MDCT offers significant benefits in the evaluation of carotid atherosclerotic disease, especially as a complementary examination to sonography. This technique is robust in the assessment of calcium, has high diagnostic accuracy in the detection of stenosis, and may be an alternative to catheter angiography in diagnosing total versus near occlusion of the internal carotid artery [15]. Our results indicate that CT may also have a role in noninvasively differentiating plaque types on the basis of density measurements. Similar data in the carotid arteries using single-detector helical CT with histologic correlation [2] and in the coronary circulation using MDCT with intravascular ultrasound analysis [7] have recently been published. However, Walker et al. [3] found that CT could not effectively differentiate carotid plaque constituents on the basis of density, but spatial resolution was limited by the use of single-detector CT and thicker axial sections than were used in our study. Further trials using in vivo MDCT with histopathologic correlation of carotid atherosclerotic disease are necessary to confirm our findings.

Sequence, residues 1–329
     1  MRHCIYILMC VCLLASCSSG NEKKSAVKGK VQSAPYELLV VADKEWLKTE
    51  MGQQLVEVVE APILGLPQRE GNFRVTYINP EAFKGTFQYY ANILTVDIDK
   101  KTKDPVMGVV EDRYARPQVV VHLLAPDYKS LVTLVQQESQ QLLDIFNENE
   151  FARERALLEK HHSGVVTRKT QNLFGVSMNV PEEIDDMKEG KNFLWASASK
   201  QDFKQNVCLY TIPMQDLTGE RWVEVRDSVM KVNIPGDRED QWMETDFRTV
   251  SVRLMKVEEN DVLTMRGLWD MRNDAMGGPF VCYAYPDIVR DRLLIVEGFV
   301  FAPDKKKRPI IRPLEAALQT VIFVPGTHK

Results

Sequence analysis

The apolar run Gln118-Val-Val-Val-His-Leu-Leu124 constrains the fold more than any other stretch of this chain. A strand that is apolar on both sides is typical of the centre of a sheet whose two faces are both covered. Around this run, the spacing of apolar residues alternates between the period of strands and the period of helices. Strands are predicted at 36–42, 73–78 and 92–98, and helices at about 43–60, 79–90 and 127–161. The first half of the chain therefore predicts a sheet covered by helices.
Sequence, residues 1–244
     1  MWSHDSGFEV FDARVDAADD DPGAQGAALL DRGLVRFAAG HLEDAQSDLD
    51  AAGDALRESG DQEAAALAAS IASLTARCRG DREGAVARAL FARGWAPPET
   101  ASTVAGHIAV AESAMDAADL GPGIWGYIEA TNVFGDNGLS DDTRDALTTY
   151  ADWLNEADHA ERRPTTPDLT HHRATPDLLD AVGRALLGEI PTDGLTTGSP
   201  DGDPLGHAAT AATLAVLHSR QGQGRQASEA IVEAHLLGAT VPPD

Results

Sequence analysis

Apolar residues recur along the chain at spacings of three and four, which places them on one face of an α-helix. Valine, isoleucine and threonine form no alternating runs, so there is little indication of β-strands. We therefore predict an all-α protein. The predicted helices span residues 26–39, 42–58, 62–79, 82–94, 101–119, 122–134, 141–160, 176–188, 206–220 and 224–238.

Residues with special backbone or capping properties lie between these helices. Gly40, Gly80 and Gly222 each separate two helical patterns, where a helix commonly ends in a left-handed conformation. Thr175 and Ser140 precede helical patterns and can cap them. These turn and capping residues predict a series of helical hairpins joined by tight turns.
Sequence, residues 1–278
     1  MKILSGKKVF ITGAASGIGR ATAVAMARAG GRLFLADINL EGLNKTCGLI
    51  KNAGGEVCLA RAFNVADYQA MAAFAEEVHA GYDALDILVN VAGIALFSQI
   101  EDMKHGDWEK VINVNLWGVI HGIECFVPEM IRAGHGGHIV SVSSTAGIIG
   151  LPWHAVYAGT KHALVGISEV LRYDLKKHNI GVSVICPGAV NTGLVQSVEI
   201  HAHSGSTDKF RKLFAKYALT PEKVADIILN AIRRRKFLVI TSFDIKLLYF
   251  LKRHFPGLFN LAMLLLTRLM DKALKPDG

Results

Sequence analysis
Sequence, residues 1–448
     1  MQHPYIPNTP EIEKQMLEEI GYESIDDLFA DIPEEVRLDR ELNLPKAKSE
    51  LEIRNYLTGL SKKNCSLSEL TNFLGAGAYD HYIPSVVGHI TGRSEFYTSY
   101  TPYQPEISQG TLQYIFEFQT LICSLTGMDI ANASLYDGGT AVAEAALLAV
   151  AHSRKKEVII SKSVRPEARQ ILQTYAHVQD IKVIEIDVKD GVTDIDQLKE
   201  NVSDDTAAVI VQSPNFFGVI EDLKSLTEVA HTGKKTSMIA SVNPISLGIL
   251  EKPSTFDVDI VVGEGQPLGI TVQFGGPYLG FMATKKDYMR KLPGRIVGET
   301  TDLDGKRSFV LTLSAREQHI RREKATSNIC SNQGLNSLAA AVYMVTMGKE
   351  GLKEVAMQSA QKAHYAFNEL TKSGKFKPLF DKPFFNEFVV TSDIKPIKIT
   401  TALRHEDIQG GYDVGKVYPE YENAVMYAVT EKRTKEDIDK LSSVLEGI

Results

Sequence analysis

Limitations of the current study include the retrospective identification of culprit plaques and extension of this information to future plaque vulnerability. Prospective larger outcome studies comparing the sans therapy and posttherapy histories of the three plaque types are necessary before acceptance into clinical practice. Another factor to consider is the controversy regarding the definitions of the end points in our study (i.e., stroke and TIA), because most systems are based on temporal features and clinical symptomatology, which can lead to uncertainty about the diagnosis. However, all symptomatic patients in our study would be classified as having a definite acute ischemic cerebrovascular syndrome under recently published criteria, given the nature of the symptoms and confirmed vascular disease relevant to the clinical syndrome [16]. Moreover, patients with other potential causes of ischemic symptoms, particularly cardiac thrombus and intracranial stenosis as evidenced by lacunar infarcts, were excluded from the study. Notably, the asymptomatic patients in our study did not undergo cerebral imaging and, therefore, silent ischemia could not be ruled out in these patients. Because unenhanced examinations were not performed, another issue involves high-density luminal contrast, possibly complicating the assessment of calcium. However, MDCT angiography has been shown to be effective in detecting and evaluating atherosclerotic calcium despite the presence of a contrast agent [17], and calcified plaques had mean densities considerably higher than the usual density of contrast media (350 H).

In conclusion, our results indicate that calcified carotid plaques may be more stable than noncalcified plaques; these findings may have implications not only in the risk stratification of patients with asymptomatic carotid stenosis but also potentially in the risk stratification of patients with atherosclerotic disease of other vascular beds.

References